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Coca-Cola; milk; chickpeas; bread; energy compensation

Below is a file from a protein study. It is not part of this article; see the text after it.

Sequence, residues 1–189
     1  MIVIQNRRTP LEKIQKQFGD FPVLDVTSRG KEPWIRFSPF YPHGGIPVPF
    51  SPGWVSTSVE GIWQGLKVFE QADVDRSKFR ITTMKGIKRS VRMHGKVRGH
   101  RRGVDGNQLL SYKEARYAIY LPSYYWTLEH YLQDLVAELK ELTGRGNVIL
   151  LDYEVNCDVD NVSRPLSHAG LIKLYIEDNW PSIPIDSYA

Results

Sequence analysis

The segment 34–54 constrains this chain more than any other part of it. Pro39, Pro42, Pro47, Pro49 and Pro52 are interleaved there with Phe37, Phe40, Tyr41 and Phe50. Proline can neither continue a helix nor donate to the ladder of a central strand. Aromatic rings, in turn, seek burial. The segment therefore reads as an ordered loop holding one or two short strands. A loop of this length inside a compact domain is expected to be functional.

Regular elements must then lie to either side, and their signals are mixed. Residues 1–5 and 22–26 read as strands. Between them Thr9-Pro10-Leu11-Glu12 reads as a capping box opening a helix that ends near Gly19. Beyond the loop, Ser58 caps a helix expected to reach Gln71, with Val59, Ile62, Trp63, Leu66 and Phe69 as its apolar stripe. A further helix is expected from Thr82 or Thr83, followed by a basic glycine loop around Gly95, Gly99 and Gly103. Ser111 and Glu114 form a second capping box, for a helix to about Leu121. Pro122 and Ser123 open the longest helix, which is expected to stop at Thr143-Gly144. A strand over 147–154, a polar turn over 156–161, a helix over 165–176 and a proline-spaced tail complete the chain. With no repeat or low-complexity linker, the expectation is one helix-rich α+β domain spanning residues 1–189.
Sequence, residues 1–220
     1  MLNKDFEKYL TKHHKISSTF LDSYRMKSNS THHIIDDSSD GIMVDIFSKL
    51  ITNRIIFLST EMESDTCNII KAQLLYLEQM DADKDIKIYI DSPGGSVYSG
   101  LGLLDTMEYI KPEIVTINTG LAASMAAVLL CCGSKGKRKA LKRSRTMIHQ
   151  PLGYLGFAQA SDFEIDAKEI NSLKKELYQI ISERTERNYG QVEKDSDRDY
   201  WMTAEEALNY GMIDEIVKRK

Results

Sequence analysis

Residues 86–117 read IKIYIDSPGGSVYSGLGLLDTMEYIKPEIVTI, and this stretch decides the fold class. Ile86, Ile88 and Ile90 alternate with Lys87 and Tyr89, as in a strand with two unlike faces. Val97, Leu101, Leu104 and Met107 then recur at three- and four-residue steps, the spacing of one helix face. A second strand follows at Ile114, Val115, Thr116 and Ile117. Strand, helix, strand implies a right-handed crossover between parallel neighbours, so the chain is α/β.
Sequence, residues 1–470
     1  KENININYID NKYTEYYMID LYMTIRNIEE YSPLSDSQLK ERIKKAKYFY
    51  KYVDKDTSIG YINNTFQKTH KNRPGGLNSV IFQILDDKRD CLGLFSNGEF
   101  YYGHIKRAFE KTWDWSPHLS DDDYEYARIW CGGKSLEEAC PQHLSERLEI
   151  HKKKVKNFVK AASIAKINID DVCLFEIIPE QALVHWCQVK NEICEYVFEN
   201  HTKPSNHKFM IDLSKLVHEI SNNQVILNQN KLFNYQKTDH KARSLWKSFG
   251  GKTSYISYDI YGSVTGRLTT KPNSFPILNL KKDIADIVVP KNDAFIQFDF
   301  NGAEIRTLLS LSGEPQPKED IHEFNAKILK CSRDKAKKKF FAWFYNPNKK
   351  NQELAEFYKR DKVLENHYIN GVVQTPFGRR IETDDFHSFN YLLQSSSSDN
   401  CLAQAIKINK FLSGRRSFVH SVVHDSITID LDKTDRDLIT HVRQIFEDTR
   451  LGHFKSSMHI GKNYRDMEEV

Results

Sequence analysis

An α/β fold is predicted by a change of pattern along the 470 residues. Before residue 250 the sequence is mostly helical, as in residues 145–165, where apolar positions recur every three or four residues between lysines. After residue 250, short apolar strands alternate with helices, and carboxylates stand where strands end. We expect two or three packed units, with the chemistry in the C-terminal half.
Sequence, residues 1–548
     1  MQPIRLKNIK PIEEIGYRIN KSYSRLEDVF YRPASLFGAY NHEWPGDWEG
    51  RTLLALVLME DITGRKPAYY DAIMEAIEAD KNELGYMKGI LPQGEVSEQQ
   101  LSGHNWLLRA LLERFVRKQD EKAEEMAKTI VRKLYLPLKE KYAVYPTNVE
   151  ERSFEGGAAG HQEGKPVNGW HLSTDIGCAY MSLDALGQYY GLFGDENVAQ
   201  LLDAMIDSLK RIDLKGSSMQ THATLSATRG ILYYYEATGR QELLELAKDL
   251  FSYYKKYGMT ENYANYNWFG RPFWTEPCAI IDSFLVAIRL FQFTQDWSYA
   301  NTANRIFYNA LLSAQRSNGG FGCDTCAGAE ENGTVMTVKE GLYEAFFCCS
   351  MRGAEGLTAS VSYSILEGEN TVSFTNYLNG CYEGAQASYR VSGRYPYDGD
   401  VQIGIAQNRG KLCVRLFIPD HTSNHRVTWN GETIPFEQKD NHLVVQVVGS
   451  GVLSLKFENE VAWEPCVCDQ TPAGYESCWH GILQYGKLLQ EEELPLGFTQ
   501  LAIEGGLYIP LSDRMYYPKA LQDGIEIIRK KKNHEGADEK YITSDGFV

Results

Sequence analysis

Obesity and its related comorbidities such as type 2 diabetes and cardiovascular disorders are global public health challenges. It is imperative to understand patterns of the dietary composition that regulate blood glucose concentration, satiety cues, and energy consumption. Objectives: This study elucidated the dynamics of blood glucose concentration after a test food as a crucial determinant of appetite and energy intake at a subsequent meal. Methods: Both low and high glycemic index (GI) foods in liquid and solid forms or fixed available carbohydrate and in equicaloric amounts were tested in healthy female volunteers (n=14/experiment) on blood-glucose and percent energy compensation (%EC). White wheat bread (solid, high-GI) was compared with chickpeas (solid, low-GI) at 50 g available-carbohydrate in Experiment 1 and Coca-Cola (liquid, high-GI) with skim milk (liquid, low-GI) and chickpeas (solid, low-GI) at equicaloric amounts in Experiment 2. Blood glucose and appetite were measured at baseline and over time up to two hours in Experiment 1 and one hour in Experiment 2. Caloric intake was estimated from a pizza-meal at the end of the studies and %EC calculated. Results: Both high GI foods had the largest glucose peaks; chickpeas had an intermediate and milk the smallest peak. Blood glucose concentration before meal time was associated with energy intake. The %EC was: chickpeas (70%) > bread (7%) in Experiment 1; and chickpeas (80%) > milk (40%) > Coca-Cola (32%) in Experiment 2. Conclusions: Intake of foods with low GI value would prove helpful in the prevention and controlling of obesity, hyperglycemia or hyperinsulinemia.